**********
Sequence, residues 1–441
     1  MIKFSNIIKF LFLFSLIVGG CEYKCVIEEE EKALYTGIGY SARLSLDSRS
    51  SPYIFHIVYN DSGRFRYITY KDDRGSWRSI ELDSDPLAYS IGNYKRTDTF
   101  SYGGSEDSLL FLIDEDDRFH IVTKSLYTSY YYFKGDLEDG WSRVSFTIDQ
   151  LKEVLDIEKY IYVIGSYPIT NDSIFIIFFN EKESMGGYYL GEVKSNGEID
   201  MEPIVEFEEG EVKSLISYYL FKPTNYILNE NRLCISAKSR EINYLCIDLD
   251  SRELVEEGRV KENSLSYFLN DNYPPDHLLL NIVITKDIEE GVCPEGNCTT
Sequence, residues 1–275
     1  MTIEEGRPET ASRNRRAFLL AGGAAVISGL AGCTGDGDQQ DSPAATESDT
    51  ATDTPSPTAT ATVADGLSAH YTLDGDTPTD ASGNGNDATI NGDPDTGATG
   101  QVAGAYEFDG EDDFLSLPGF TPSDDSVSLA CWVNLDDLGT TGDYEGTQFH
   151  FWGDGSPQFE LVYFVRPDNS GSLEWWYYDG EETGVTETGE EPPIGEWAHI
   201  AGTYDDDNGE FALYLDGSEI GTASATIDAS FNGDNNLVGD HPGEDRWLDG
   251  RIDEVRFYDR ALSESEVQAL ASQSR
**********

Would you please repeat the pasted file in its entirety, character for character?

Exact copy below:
Sequence, residues 1–441
     1  MIKFSNIIKF LFLFSLIVGG CEYKCVIEEE EKALYTGIGY SARLSLDSRS
    51  SPYIFHIVYN DSGRFRYITY KDDRGSWRSI ELDSDPLAYS IGNYKRTDTF
   101  SYGGSEDSLL FLIDEDDRFH IVTKSLYTSY YYFKGDLEDG WSRVSFTIDQ
   151  LKEVLDIEKY IYVIGSYPIT NDSIFIIFFN EKESMGGYYL GEVKSNGEID
   201  MEPIVEFEEG EVKSLISYYL FKPTNYILNE NRLCISAKSR EINYLCIDLD
   251  SRELVEEGRV KENSLSYFLN DNYPPDHLLL NIVITKDIEE GVCPEGNCTT
Sequence, residues 1–275
     1  MTIEEGRPET ASRNRRAFLL AGGAAVISGL AGCTGDGDQQ DSPAATESDT
    51  ATDTPSPTAT ATVADGLSAH YTLDGDTPTD ASGNGNDATI NGDPDTGATG
   101  QVAGAYEFDG EDDFLSLPGF TPSDDSVSLA CWVNLDDLGT TGDYEGTQFH
   151  FWGDGSPQFE LVYFVRPDNS GSLEWWYYDG EETGVTETGE EPPIGEWAHI
   201  AGTYDDDNGE FALYLDGSEI GTASATIDAS FNGDNNLVGD HPGEDRWLDG
   251  RIDEVRFYDR ALSESEVQAL ASQSR